Jul 13, 2008
Shannon Hale's Austenland examines the twentieth century woman's obsession with Pride and Prejudice, Mr. Darcy, and Colin Firth as Mr. Darcy. Jane Hayes, a very typical first name for a Jane Austenesque novel, is a thirty-something career woman in New York, whose mother is concerned that she has given up on love because of an unhealthy obsession with Mr. Darcy. An impromptu meeting with Jane's Great Aunt Carolyn changes the course of this woman's life when she is bequeathed a non-refundable trip to Austenland in England, which traditionally caters to the fantasies of the wealthy, trophy wives of powerful businessmen.
I saw this book on Eclectic Closet and added it to my list of Jane Austen spin-off reads. It also helps fulfill my Irresistable Review Challenge. I have only 2 more books to read to finish off this challenge.
Jane is hesitant to take up the task of severing her ties with her Mr. Darcy fantasies in Austenland, but ultimately decides to go and reclaim her "real" self and her ability to have a relationship without worrying about how it would end before it even began.
She is a bit of a crazy character who numbers her boyfriends even if she only spent as little as a few weeks with them. She arrives at Austenland to be lectured by Mrs. Wattlesbrook about her finances and how she is not their typical client and that if she breaks the rules, she will be kicked out. Jane is uncomfortable in Regency clothes and manners from the start. The false manners and pretense grate on her nerves, which is when she begins to seek out some normalcy in Austenland and turns to the gardener, Martin. How cliche in my opinion, but for this book it worked. I was still rooting for Mr. Nobley...aka Mr. Darcy.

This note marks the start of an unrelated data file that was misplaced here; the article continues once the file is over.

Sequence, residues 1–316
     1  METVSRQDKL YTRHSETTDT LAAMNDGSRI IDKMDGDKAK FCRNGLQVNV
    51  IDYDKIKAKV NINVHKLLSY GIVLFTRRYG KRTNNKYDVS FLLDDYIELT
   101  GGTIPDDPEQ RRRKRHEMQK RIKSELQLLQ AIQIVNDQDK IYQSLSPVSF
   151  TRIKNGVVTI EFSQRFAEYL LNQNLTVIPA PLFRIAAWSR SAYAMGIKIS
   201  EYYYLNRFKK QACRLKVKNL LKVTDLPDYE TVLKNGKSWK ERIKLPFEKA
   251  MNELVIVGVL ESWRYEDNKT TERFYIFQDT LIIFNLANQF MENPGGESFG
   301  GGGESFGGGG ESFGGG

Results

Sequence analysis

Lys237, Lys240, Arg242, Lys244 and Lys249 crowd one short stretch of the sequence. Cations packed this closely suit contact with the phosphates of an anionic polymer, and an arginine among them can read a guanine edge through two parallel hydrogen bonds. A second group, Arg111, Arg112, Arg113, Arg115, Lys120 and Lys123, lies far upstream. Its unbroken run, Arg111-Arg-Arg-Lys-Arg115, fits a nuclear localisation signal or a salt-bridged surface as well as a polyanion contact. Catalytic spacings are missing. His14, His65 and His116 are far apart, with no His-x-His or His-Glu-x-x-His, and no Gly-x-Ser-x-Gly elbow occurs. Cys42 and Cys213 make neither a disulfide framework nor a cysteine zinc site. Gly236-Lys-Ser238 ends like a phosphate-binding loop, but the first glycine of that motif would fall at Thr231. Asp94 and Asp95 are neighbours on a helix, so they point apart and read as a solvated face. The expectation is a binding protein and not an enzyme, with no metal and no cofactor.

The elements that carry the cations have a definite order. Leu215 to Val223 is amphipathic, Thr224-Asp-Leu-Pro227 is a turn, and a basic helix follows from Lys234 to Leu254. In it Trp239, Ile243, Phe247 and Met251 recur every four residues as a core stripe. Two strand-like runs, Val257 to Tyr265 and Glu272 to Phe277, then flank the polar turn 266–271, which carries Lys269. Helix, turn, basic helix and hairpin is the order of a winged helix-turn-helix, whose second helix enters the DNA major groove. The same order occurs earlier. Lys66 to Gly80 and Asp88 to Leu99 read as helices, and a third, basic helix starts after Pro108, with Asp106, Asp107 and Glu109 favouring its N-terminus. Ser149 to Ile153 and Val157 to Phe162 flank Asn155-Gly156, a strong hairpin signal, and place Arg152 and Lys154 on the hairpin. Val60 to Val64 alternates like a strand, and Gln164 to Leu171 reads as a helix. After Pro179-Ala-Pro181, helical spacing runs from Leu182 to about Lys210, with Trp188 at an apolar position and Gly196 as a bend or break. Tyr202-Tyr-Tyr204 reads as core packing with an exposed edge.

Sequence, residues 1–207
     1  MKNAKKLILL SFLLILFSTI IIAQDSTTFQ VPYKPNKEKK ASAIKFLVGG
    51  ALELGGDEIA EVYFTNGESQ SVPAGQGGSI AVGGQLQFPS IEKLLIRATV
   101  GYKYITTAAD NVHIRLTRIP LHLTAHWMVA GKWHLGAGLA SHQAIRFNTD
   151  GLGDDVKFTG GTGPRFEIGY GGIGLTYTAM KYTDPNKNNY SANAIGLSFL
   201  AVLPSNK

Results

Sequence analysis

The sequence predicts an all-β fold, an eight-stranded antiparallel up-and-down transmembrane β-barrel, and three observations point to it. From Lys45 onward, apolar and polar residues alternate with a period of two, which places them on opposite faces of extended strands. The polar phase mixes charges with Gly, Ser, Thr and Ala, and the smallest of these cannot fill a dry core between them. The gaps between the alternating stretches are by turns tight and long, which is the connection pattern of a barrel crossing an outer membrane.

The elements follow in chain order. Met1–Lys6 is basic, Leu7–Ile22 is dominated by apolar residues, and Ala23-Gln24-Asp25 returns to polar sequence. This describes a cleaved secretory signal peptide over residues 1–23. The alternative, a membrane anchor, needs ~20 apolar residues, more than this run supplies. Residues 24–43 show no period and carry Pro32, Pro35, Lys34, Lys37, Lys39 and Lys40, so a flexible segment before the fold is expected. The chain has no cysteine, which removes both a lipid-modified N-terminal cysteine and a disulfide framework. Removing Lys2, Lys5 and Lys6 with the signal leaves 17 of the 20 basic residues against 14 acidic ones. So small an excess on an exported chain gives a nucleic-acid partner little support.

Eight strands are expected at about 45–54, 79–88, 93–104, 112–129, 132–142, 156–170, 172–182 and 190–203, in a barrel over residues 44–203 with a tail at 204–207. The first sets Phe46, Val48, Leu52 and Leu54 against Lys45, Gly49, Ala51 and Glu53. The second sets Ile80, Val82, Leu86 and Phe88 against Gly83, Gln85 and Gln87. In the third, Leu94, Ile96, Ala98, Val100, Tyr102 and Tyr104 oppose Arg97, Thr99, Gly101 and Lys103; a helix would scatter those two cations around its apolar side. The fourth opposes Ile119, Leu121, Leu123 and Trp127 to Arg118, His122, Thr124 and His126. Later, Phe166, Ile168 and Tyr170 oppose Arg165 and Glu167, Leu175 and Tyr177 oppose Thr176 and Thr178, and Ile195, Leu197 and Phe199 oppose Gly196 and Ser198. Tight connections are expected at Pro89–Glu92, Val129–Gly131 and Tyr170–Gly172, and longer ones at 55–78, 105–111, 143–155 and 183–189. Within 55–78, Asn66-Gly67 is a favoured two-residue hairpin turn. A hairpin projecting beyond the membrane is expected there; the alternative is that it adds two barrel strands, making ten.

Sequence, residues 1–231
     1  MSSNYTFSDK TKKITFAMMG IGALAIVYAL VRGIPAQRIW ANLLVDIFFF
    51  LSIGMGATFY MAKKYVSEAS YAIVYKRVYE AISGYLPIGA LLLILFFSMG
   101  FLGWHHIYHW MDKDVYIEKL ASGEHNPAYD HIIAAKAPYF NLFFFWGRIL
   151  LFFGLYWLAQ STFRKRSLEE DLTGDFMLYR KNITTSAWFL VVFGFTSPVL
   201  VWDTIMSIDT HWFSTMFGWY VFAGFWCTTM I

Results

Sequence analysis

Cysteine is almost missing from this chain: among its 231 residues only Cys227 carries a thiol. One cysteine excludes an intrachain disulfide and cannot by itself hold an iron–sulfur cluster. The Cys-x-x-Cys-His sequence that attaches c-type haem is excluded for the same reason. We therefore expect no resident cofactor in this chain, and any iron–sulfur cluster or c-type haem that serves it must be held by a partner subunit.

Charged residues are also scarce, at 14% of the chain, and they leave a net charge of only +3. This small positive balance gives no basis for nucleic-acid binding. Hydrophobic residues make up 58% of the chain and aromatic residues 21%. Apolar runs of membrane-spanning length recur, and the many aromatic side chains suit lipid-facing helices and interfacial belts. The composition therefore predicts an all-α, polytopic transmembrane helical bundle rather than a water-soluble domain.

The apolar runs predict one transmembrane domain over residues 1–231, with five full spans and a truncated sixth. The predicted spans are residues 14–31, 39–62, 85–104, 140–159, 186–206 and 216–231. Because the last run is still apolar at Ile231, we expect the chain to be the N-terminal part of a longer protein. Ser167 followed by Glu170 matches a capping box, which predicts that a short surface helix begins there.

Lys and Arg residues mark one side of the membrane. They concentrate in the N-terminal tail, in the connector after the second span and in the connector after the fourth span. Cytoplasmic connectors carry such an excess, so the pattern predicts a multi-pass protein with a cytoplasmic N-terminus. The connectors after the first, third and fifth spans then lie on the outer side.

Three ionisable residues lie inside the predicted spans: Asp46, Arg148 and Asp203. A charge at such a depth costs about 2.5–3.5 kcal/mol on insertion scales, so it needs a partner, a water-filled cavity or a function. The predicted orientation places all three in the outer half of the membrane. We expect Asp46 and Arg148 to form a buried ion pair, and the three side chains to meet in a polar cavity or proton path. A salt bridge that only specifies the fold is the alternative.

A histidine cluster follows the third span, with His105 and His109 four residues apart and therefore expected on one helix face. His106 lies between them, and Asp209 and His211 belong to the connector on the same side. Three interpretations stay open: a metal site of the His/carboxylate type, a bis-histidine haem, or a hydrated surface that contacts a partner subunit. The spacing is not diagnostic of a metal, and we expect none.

Through a series of bungling moments, Jane gets trapped up with Martin and untangled from him. She then falls into the trappings of Austenland and Mr. Nobley. By the time her vacation ends, Jane has grown and changed...become a stronger woman.
***End Spoiler Alert***
I like this book because it is entertaining. Jane Austen and Pride & Prejudice are my favorite part of classic literature. I like how Shannon Hale builds up Jane as a lost, romantic career woman who struggles to find her perfect man. I like how skeptical the character is throughout the Austenland experience and how she struggles with herself to stay focused on the act and immersing herself in the role she is expected to play. I also enjoyed how this character learned that she should not have given up her dreams and her artistic outlet of painting, despite her move to graphic design on a computer. Hale does a great job showing the reader how Jane evolves. The final scenes are spectacular and kept me enthralled until its conclusion.
Also Reviewed By:
It's All About Books (SUEY)
The Written Word
A Girl Walks Into a Bookstore